# Quick Normalisation Question

White Ink

## Homework Statement

A hydrogen atom in the ground state can be described by the following wavefunction:

$$\Psi(r) = \frac{C}{\sqrt{4\pi}}e^{- \frac{r}{a_{0}}}$$

Normalise this wavefunction.

## The Attempt at a Solution

I did this and got:

$$C = \sqrt{\frac{8\pi}{a_{0}}}$$

I have no way of checking this, so I was wondering if anybody could tell me whether I am right or wrong.

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## Answers and Replies

Homework Helper
Not quite, I don't think. Can you show us how you got that?

White Ink
$$\int^{\infty}_{0}\left|\Psi(r)\right|^{2}dr = 1$$

$$\frac{C^{2}}{4\pi}\int^{\infty}_{0}e^{\frac{-2r}{a_{0}}}dr = 1$$

$$u = \frac{2r}{a_{0}}$$

$$du = \frac{2}{a_{0}}dr$$

$$dr = \frac{a_{0}}{2}du$$

$$\frac{C^{2}}{4\pi}\frac{a_{0}}{2}\int^{\infty}_{0}e^{-u}du = 1$$

Using:

$$\int^{\infty}_{0}x^{n}e^{-x}dx = n!$$

$$\int^{\infty}_{0}e^{-u}du = 0! = 1$$

Thus:

$$\frac{C^{2}}{4\pi}\frac{a_{0}}{2} = 1$$

$$C^{2} = \frac{8\pi}{a_{0}}$$

Proggle
Think again about the first integral. Even if the wavefunction is only dependent on r, you are still integrating over three-dimensional space. Use the appropriate volume differential for this case (spherical coordinates).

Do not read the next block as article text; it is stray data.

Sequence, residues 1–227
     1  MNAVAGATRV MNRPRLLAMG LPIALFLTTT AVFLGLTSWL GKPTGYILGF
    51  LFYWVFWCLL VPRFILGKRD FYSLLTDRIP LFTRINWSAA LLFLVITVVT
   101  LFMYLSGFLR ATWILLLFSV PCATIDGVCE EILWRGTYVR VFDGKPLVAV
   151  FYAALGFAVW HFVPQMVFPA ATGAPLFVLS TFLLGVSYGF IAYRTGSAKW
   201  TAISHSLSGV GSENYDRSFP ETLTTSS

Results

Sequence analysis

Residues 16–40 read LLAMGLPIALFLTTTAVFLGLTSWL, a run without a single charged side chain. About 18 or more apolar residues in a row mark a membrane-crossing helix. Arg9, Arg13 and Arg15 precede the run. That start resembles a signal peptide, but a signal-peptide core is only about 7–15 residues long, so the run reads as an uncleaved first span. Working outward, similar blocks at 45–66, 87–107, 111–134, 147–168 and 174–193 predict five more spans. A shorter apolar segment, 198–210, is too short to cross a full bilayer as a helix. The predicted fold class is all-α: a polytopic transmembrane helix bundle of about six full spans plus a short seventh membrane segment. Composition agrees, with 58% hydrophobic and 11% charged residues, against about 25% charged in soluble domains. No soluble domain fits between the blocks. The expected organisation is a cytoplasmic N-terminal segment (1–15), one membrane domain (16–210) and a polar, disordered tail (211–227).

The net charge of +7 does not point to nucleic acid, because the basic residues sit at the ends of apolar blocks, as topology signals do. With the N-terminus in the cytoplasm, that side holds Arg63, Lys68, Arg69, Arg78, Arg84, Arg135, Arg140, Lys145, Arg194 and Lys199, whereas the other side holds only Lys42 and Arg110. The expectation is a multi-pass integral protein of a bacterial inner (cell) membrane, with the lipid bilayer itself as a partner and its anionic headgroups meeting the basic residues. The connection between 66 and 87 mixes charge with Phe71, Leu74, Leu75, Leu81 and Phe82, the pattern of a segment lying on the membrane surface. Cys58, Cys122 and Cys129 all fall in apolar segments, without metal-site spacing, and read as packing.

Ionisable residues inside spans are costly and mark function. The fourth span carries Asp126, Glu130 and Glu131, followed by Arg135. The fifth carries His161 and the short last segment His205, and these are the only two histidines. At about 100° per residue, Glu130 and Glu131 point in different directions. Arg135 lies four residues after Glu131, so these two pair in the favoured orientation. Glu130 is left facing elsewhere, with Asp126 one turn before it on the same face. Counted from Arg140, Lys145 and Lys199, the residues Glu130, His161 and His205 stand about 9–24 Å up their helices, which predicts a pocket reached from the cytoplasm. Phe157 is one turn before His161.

You will notice the equation will reduce to an integral in just r, but it'll have a key difference with the one you're using right now.

White Ink
Think again about the first integral. Even if the wavefunction is only dependent on r, you are still integrating over three-dimensional space. Use the appropriate volume differential for this case (spherical coordinates).

You will notice the equation will reduce to an integral in just r, but it'll have a key difference with the one you're using right now.

I know exactly what you mean (integrating in the $$\theta$$ & $$\phi$$ directions becomes equivalent to multiplying to constant in front of the integration with respect to r by $$2\pi^{2}$$, since the wavefunction is independent of those two variables). I read over the question too quickly. Thank you for your help.

Homework Helper
I know exactly what you mean (integrating in the $$\theta$$ & $$\phi$$ directions becomes equivalent to multiplying to constant in front of the integration with respect to r by $$2\pi^{2}$$, since the wavefunction is independent of those two variables). I read over the question too quickly. Thank you for your help.

In addition there will be an extra factor of r^2 in the integrand, right?

White Ink
In addition there will be an extra factor of r^2 in the integrand, right?

Now that one beats me. I can't see where an additional $$r^{2}$$ would come from.

Ooops, I feel stupid now. I forgot about the metric coefficients and took my volume element to be $$dr$$$$d\theta$$ . At least I won't be making that mistake again. Thanks.